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Asian giant honeybees may move in synchrony to ventilate nests

Collective 'inhalation'-'exhalation' cycles may keep the interior of honeybee nests cool, fresh

Date:
August 3, 2016
Source:
PLOS
Summary:
The Asian giant honeybee, Apis dorsata, builds its large single-comb nests out in the open, making them potentially vulnerable to extremes of temperature that may threaten survival. New research shows that these giant honeybees may use synchronized movements to ventilate and cool their nests.
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Identification of warm and cool zones at the surface of a giant honeybee nest.
Credit: Kastberger et al. (2016); CCAL

Asian giant honeybees may use synchronized movements to ventilate and cool their nests, according to a study published August 3, 2016 in the open-access journal PLOS ONE by Gerald Kastberger from the University of Graz, Austria, and colleagues.

The Asian giant honeybee, Apis dorsata, builds its large single-comb nests out in the open, making them potentially vulnerable to extremes of temperature that may threaten survival. Colonies are known to create an insulating 'bee curtain' of five to seven layers of bees covering the single central comb. Researchers had also previously observed 'cool nest regions,' small areas on the nest surface that are cooler than neighboring areas, appearing briefly in the bee curtain. To investigate colony cooling mechanisms, the authors monitored the changes in surface temperature and slow horizontal movements of the bee curtain throughout the day using an infrared camera and vibrometer in several bee nests in Nepal.

The researchers observed that certain bees in the curtain appeared to act as "fanners" during the hottest part of the day, seemingly aligning their bodies to funnel air towards the cool nest regions. They suggest that curtain bees may also move in synchrony to ventilate the nest with a mechanism analogous to mammalian inhalation.

The researchers hypothesize that the inner bees stretch their limbs against the comb, expanding the inner nest area, lowering internal pressure to draw cool fresh air through the funnels from the ambiance. When the curtain bees relax the nest interior contracts by gravity, pressing the warm stale air from the center out diffusely through the meshwork of the bee curtain, completing the ventilation cycle. While the authors did not directly observe the internal mechanism, this may be a previously unknown collective respiratory movement for nest cooling in giant honeybee colonies.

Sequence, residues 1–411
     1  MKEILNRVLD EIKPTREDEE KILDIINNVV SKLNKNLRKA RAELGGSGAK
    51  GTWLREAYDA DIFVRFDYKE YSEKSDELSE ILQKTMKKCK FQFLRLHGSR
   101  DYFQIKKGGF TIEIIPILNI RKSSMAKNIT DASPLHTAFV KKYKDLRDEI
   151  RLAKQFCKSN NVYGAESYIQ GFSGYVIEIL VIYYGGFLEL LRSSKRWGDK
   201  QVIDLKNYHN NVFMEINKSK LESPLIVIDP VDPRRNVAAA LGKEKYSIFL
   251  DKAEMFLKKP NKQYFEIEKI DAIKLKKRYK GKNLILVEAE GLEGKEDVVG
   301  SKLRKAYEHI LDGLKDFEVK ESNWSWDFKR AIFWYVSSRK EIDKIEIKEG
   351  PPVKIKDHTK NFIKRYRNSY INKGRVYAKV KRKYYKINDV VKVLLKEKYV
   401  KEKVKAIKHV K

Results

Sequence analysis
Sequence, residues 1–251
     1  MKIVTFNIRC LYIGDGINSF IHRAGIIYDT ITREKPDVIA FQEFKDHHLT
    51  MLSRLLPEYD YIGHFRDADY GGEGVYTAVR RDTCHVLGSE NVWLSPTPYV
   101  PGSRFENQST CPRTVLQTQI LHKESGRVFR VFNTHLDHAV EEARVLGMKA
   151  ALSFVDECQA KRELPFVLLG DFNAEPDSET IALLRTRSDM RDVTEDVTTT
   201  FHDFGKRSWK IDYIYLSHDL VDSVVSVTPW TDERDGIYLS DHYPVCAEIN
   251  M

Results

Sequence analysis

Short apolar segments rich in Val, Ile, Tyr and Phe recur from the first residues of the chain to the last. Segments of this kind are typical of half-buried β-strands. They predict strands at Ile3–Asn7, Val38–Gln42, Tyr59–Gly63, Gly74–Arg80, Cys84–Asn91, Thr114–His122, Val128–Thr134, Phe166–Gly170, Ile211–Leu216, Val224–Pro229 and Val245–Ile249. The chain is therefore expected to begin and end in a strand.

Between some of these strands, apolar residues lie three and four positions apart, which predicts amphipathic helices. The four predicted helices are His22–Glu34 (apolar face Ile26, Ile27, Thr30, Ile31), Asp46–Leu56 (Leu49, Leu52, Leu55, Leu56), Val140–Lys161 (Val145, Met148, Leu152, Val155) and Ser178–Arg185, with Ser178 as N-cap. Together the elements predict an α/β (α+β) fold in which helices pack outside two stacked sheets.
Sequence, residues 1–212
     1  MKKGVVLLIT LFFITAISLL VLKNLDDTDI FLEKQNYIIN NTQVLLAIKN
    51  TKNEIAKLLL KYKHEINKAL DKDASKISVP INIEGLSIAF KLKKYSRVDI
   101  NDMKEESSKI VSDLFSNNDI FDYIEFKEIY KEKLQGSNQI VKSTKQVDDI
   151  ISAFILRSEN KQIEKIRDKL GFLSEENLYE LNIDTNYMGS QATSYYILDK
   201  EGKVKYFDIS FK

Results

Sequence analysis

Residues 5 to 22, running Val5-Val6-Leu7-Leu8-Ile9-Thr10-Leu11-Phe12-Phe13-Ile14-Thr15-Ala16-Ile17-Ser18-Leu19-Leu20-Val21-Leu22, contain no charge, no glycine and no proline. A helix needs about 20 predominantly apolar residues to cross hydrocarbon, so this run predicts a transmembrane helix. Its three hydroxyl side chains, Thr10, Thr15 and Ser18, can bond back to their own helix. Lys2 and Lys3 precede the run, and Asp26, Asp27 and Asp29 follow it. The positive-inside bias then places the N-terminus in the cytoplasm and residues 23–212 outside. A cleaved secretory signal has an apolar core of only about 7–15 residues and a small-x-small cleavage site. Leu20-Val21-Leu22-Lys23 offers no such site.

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Journal Reference:

  1. Gerald Kastberger, Dominique Waddoup, Frank Weihmann, Thomas Hoetzl. Evidence for Ventilation through Collective Respiratory Movements in Giant Honeybee (Apis dorsata) Nests. PLOS ONE, 2016; 11 (8): e0157882 DOI: 10.1371/journal.pone.0157882

Cite This Page:

PLOS. "Asian giant honeybees may move in synchrony to ventilate nests: Collective 'inhalation'-'exhalation' cycles may keep the interior of honeybee nests cool, fresh." ScienceDaily. ScienceDaily, 3 August 2016. <www.sciencedaily.com/releases/2016/08/160803151101.htm>.
PLOS. (2016, August 3). Asian giant honeybees may move in synchrony to ventilate nests: Collective 'inhalation'-'exhalation' cycles may keep the interior of honeybee nests cool, fresh. ScienceDaily. Retrieved March 29, 2017 from www.sciencedaily.com/releases/2016/08/160803151101.htm
PLOS. "Asian giant honeybees may move in synchrony to ventilate nests: Collective 'inhalation'-'exhalation' cycles may keep the interior of honeybee nests cool, fresh." ScienceDaily. www.sciencedaily.com/releases/2016/08/160803151101.htm (accessed March 29, 2017).